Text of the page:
RENEE HOBBS: So the fake news crisis and the rise of disinformation have fueled a lot of interest in media literacy, because we've got misinformation being shared on social media and political campaigns. We've got misinformation about vaccines. We've got misinformation about climate change; about the economy. We've got misinformation intentionally spread for political purposes in ways that are harmful to people's understanding of reality. 

In the context of school and schooling, media literacy comes in through the changing nature of literacy– literacy is not just reading and writing. It's speaking and listening and creating media and analyzing media. More and more English teachers are recognizing that it's as important to critically analyze a film as it is to critically analyze a work of literature. It's as important to critically analyze an article in The New York Times as it is to critically analyze a work of photojournalism.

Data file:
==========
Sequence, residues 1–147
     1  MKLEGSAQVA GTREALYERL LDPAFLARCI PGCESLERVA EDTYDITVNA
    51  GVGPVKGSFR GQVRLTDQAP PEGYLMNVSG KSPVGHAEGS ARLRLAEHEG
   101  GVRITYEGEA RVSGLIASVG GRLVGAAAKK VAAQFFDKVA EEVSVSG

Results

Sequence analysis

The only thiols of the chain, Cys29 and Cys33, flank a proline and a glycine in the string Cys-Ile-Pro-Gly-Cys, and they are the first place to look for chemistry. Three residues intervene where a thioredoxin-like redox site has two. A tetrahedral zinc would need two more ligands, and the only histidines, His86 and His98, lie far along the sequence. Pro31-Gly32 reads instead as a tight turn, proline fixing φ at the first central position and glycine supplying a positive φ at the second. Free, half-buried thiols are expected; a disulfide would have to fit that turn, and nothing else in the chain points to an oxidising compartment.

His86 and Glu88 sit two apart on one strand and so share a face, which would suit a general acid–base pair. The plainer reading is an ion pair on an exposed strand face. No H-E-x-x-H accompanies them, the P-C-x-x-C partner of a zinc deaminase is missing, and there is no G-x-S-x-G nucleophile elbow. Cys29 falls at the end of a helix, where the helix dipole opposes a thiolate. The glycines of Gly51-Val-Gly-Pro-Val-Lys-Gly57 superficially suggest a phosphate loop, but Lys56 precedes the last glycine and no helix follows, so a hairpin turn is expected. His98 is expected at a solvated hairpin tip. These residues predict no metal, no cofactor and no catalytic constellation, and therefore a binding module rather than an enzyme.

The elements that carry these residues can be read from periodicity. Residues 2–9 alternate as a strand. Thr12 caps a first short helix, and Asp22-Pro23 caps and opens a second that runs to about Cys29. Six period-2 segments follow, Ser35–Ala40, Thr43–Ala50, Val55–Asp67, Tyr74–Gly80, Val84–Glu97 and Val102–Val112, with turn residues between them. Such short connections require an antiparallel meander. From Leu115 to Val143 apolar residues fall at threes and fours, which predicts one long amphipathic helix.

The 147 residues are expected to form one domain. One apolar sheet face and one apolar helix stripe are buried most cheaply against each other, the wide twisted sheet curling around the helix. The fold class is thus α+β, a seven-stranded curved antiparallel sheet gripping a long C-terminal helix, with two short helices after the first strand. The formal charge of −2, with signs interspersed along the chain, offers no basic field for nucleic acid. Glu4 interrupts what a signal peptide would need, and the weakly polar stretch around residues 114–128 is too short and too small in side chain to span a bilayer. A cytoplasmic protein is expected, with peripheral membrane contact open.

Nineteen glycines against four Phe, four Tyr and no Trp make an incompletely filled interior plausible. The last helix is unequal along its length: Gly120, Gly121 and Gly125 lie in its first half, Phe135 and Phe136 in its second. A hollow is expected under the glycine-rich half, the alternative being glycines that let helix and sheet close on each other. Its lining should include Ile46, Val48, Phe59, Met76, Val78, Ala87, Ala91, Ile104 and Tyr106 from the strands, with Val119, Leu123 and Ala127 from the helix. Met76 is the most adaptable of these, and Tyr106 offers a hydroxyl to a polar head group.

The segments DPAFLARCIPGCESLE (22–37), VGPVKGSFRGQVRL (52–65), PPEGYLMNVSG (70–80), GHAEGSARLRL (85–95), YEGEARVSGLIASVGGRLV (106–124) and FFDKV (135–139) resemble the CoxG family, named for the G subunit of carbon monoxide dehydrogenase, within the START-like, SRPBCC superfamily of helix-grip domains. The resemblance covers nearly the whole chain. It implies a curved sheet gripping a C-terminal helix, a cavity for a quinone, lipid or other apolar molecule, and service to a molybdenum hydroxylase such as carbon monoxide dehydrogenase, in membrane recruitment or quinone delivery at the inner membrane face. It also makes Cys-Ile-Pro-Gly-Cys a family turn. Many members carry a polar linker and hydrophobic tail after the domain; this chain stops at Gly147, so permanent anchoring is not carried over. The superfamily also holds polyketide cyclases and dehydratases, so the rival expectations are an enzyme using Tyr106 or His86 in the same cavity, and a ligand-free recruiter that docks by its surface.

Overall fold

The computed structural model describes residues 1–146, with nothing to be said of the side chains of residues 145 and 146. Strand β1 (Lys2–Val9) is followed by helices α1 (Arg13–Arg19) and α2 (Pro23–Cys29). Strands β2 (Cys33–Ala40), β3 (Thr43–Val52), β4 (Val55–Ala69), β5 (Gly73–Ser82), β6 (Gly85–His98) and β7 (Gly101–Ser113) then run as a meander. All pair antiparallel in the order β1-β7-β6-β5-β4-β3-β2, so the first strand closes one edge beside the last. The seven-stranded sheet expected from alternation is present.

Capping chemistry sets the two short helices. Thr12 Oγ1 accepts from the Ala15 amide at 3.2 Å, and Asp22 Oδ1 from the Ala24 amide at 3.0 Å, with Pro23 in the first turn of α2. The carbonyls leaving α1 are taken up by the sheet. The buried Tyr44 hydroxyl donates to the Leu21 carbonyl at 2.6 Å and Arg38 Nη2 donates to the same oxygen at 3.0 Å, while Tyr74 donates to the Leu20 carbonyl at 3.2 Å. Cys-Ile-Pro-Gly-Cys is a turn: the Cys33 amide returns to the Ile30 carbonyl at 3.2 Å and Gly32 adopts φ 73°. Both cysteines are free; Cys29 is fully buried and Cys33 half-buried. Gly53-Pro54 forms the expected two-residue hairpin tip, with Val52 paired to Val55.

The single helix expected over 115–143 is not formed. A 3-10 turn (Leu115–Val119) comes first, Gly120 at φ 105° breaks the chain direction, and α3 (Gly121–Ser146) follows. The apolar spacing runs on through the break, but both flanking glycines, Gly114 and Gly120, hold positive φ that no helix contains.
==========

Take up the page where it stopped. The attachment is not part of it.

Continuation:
I define literacy as the sharing of meaning through symbols. Right now we're sharing meaning. I'm using language. Speaking and listening is the symbol system we're using. But now, because of digital media, we're using many, many other forms of symbols. 

Media literacy is also coming into the science curriculum because if you think about it, only a small, small percentage of high school graduates or college graduates will become scientists, but everyone will rely on science news for the rest of their lives.